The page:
Do You Have to Complete a Field Sobriety Test?

Being pulled over by the police is always scary, but being asked to submit to a field sobriety test can be even scarier. Whether an officer has pulled you over on suspicion of DUI or you have been stopped at a DUI checkpoint, you may find yourself panicking and unsure of how to handle yourself. Should you be 100 percent cooperative and do everything the officer asks, or should you take the Fifth and refuse to comply with tests? Do you even have the right to decline a field sobriety test? The answers to these questions are more complex than a simple “yes” or “no.” Because of this, we’ve dedicated an entire post to discussing whether or not you must – or should – complete a field sobriety test.

The Object of Field Sobriety Testing in Arizona

These tests exist as a means of helping a police officer determine whether or not an individual is driving under the influence of alcohol or drugs and is posing a threat to himself and others on the road. Unfortunately, field sobriety tests can be difficult to pass even if you’re not intoxicated – especially if you’re feeling nervous or on edge. What’s more, an officer’s judgment of a field sobriety test is entirely subjective (except in the instance of a breathalyzer test), and an officer could determine that an individual is inebriated just because he or she has general balance issues or struggles to complete a task that they are not accustomed to doing. This is why the help of the experts at Schill Law Group is often needed after a field sobriety test has been failed.

What Happens if You Refuse to Complete a Field Sobriety Test in Arizona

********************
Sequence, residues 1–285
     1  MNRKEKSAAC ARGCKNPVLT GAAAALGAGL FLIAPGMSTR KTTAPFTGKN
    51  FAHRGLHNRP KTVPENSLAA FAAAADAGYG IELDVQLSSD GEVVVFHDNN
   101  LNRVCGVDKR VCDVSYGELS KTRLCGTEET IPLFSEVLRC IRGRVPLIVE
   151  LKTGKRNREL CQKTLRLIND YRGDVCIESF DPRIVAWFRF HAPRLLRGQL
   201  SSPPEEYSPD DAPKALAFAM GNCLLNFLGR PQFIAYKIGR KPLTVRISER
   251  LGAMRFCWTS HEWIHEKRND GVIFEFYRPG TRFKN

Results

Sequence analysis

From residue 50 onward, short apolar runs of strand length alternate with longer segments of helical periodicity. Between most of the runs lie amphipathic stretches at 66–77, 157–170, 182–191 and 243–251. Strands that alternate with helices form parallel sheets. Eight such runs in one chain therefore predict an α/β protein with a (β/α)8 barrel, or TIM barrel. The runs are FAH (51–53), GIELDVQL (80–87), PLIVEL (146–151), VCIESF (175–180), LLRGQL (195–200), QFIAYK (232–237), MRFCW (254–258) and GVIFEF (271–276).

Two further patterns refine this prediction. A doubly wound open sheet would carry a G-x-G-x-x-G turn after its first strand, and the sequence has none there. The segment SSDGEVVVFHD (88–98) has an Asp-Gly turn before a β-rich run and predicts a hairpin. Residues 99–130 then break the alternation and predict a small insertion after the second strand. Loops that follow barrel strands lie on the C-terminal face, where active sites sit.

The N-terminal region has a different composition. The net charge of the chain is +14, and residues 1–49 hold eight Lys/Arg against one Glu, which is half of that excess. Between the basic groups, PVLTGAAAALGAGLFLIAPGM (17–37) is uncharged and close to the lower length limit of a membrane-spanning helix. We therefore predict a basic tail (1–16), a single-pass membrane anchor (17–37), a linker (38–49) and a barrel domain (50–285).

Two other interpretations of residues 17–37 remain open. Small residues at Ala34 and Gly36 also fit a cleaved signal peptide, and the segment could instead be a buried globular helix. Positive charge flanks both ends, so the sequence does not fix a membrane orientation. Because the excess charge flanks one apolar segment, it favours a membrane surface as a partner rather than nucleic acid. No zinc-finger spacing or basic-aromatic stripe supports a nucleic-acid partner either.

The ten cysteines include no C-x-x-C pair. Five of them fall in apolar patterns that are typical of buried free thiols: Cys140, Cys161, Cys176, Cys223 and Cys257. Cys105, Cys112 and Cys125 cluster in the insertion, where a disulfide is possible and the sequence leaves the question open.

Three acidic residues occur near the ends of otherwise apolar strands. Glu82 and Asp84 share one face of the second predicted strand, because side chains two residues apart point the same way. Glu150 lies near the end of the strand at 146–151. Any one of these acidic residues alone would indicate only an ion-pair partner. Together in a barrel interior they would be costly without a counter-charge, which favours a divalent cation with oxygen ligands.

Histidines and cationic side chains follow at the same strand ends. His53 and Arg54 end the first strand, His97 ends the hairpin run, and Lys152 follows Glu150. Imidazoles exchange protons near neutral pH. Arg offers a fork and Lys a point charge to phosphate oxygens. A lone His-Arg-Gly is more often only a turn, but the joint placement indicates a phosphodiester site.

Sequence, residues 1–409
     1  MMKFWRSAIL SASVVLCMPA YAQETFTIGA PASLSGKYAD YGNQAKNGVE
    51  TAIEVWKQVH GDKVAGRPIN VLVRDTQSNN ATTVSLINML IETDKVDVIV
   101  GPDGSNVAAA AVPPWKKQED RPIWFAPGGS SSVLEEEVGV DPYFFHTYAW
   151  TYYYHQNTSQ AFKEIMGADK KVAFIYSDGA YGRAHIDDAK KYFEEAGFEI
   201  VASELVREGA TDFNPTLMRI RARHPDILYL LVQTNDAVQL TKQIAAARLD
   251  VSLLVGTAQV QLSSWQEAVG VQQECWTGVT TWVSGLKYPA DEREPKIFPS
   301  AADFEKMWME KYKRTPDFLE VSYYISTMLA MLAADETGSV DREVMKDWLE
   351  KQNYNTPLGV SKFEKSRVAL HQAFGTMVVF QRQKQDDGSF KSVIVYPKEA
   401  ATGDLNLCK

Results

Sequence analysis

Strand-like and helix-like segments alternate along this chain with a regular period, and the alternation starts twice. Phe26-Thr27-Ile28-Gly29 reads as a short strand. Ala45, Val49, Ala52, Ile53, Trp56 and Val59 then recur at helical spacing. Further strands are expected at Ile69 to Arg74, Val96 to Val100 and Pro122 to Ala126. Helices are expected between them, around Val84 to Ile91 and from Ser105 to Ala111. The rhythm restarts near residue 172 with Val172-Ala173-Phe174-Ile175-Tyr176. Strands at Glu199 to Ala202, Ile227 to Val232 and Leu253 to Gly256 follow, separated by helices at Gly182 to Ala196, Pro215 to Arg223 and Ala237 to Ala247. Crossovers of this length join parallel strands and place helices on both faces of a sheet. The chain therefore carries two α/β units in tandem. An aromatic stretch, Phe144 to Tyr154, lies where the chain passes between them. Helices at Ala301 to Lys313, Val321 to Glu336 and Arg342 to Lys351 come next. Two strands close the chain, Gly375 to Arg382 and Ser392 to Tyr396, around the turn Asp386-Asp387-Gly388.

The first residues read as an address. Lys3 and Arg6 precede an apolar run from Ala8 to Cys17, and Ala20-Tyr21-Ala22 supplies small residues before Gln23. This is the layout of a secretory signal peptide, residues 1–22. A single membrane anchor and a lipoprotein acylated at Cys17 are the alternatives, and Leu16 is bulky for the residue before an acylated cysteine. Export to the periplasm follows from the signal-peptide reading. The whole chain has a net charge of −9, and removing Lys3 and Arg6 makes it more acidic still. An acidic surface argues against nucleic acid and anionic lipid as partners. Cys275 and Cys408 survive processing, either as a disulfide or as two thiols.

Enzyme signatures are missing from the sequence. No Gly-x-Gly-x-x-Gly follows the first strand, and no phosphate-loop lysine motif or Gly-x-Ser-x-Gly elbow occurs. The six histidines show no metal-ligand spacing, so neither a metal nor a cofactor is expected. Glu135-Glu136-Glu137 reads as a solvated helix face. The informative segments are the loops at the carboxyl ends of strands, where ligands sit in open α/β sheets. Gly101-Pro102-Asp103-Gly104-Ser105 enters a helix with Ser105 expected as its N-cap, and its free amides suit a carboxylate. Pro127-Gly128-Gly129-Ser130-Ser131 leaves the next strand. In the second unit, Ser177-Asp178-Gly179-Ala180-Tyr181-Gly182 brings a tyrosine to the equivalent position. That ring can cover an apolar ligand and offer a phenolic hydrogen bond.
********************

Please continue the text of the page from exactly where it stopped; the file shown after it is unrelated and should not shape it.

Knowing that field sobriety tests can be tricky and that officer judgments are subjective might sway you toward refusing to complete field sobriety tests. Here’s where things get a little bit complicated. In the state of Arizona, you have the right to decline when an officer asks you to take a field sobriety test, the tasks of which may include walking a straight line and/or standing on one leg. The real question is whether or not you SHOULD decline.

In many cases, refusing to complete a field sobriety test can and will be viewed as an admission of guilt. For this reason, you may need to be prepared to be placed under arrest for a DUI. Once you have been arrested, you may be required by law to submit to a breathalyzer test. Should you decide not to submit to a field sobriety test, you may want to consider remaining silent and allowing your attorney to speak on your behalf.

Things to Consider Prior to Completing a Field Sobriety Test in Arizona

In the event that you are asked to submit to field sobriety testing, there are a few things that you should keep in mind:

  • If an officer has pulled you over and is requesting that you complete a field sobriety test, he or she is already suspicious and likely already intends to arrest you for a DUI. At this point, the officer is asking for DUI testing to gain more evidence against you.
  • Field sobriety tests can be inaccurate and certain medical conditions, medications, or even the way in which the testing is administered may impact the outcome.
  • Certain medical conditions could cause you to outright fail, even if you have not had anything to drink.
  • Refusal to complete a field sobriety test will likely lead to your arrest in Arizona.

If you have failed an Arizona field sobriety test (whether you were intoxicated or not), you need an experienced DUI attorney on your team. Contact the professionals at Schill Law Group to discuss the details of your case during a free consultation.